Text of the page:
More Crop

(By the way, for any new readers, I’ve not gone mad – I use this blog as a catalogue of my experiments with growing my own food.) I thought I’d try a few carrots this year, just to see how they went. Though they are interesting shapes, this first lot should feed us nicely for a meal.

There’s still plenty going on in the garden. I’ve more carrots on the go and, as you can see, plenty of weird varieties of cooking radishes and turnips. The broad beans are poking through, and the raspberries are getting to the end of giving fruit. I’ve recently planted some onions (called Troy) and garlic (a huge variety called Chesnok Red, which shames all supermarket varieties) so I shall see how they go.

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About Mark Newton

Born in 1981, live in the UK. I write about strange things.


  1. Hey, well done! I’ve only managed some chillis, a few herbs and tomatoes this year, and my garden is a mess!

  2. I always plant my garlic on the shortest day and begin harvesting on the longest day. Eat the fresh garlic wet, or plait it and dry it. Fabulous!

    Gorgeous carrots, by the way!

    Some of the most expensive veg are salad leaves. I grow them in pots and cut them rather than pull them. Packets of seeds at less than a quid can last all through the summer.

  3. Nice work.

    How’s the sloe-gin coming along?

    How much of it can you drink by the way? I’m debating whether I want to make another batch or not as my favourite sloe bush is groaning with sloes. First batch of sloes should come out of freezer in a few days after getting some extra ripening on trays and then breaking down the cell walls with freezing (which also saves me pricking the damn things).

    I’ve already collected about 7 lbs of sloes to mix with 700 or so cl of gin.

    I was tempted to ferment some the sloe on their skins in a wine bucket but will save that project for another year.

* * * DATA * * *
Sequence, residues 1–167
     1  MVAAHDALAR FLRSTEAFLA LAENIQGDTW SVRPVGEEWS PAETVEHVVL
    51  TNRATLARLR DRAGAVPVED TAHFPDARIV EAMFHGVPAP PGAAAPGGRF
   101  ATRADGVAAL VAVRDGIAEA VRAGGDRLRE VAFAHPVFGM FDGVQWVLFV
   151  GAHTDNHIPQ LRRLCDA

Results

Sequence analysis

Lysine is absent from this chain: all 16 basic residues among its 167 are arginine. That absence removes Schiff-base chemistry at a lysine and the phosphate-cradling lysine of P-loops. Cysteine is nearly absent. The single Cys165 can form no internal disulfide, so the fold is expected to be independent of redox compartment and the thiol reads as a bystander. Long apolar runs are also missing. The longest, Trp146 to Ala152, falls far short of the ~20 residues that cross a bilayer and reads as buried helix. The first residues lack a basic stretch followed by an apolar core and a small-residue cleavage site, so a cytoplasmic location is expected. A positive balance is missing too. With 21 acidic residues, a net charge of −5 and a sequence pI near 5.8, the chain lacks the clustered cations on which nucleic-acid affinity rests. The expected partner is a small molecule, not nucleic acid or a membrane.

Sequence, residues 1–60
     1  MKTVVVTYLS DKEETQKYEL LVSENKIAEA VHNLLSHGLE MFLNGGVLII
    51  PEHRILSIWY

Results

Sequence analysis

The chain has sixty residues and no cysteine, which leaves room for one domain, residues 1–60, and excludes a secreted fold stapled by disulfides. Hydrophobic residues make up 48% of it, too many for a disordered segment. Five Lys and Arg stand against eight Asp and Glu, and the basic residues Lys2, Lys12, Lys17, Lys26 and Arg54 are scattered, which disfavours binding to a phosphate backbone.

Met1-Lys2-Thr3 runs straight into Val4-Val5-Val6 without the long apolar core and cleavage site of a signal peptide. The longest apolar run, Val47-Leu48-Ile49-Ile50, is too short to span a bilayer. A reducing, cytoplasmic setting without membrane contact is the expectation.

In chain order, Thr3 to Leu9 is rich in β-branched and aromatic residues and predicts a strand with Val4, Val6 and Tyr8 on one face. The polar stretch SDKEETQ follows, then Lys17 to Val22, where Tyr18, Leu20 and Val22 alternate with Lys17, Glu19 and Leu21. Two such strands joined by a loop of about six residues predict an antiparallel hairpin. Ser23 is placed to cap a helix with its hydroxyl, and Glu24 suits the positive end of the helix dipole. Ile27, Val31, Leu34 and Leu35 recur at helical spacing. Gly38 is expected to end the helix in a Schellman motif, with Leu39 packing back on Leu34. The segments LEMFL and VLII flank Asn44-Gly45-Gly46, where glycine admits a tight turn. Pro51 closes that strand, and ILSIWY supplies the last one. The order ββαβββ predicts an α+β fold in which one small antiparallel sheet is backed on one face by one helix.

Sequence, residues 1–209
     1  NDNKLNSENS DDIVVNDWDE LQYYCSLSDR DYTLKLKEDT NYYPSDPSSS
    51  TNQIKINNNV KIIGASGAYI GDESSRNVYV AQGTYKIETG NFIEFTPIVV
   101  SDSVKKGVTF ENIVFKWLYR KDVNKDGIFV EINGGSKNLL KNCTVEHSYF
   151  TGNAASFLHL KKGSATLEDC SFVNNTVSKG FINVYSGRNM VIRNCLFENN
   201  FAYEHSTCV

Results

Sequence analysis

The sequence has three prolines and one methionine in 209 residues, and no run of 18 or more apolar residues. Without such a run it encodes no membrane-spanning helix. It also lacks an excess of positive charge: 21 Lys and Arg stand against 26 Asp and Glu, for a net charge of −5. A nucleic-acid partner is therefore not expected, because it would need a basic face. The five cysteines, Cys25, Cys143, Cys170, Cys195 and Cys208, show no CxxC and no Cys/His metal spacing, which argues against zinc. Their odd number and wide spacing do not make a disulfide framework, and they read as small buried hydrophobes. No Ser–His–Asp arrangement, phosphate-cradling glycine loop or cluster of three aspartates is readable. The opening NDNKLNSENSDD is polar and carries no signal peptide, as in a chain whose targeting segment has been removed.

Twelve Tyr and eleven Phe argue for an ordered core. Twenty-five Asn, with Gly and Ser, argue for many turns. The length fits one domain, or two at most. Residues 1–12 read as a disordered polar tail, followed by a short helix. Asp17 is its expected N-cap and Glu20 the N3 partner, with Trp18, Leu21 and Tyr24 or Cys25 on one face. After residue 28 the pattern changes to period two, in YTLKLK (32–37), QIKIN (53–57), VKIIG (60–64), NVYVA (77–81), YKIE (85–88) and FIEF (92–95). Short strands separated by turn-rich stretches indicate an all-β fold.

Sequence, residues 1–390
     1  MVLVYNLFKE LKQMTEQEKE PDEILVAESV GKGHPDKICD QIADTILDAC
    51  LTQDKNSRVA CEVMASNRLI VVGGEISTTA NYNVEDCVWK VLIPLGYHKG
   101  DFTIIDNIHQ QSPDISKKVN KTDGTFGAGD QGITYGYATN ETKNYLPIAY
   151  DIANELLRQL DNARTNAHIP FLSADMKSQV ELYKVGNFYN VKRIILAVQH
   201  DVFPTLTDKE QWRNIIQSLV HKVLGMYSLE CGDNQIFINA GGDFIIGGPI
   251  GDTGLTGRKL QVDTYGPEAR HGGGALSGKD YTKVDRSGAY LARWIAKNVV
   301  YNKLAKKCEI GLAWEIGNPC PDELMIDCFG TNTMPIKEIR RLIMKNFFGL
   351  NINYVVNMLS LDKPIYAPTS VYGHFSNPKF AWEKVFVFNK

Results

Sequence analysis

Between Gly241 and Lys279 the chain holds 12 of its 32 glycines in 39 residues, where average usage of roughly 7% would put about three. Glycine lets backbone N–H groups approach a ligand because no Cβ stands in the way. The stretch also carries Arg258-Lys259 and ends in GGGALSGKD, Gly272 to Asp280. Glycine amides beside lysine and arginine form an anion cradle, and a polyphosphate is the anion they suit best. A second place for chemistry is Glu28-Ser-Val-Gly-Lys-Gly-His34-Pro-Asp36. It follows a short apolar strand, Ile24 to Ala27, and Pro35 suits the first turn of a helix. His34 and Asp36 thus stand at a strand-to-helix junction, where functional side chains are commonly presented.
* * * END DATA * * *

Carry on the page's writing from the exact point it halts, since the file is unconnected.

I’m using some 100 proof gin as the base with a starter mix of sugar and local honey (keeping it fairly strong and dry). Planning on leaving the mixture for about 10-12 months – then decanting off the liquid and adding the remainder of sugar/honey to draw off the absorbed gin and final colorants/juice from the sloes via osmosis. I’ll then add that back to the reserved liquid and discard the sloes. I’ve got some 500ml bottles to put it into and then I’ll leave it for another 6-8 months to mature.

    I’m curious to see how it all comes out. Shame it will take near two years to find out.

    So, when are you going to get a hive of bees and start bottling your own mead?


  4. Thanks, guys.

    Adelie – and herbs, too – such a mark-up at the supermarket. There seems to be this grand impression that supermarket food is cheap (probably the advertising).

    Eric – there seem to be plenty of different ratios for sloes to gin. I’m using the River Cottage recipe, which says “For every pound of fruit add 8oz of sugar and a pint or so of gin”

    I’m going to leave mine until about Christmas, then drain the gin into separate bottles, and store some for a while. Perhaps a year. The Apple Wine could take just as long – you can’t be in this home-brew game for a quick hit!

    Funny you mention bees – I know a man nearby who is planning to get his own hive, so I could always annoy him for a jar or two of honey.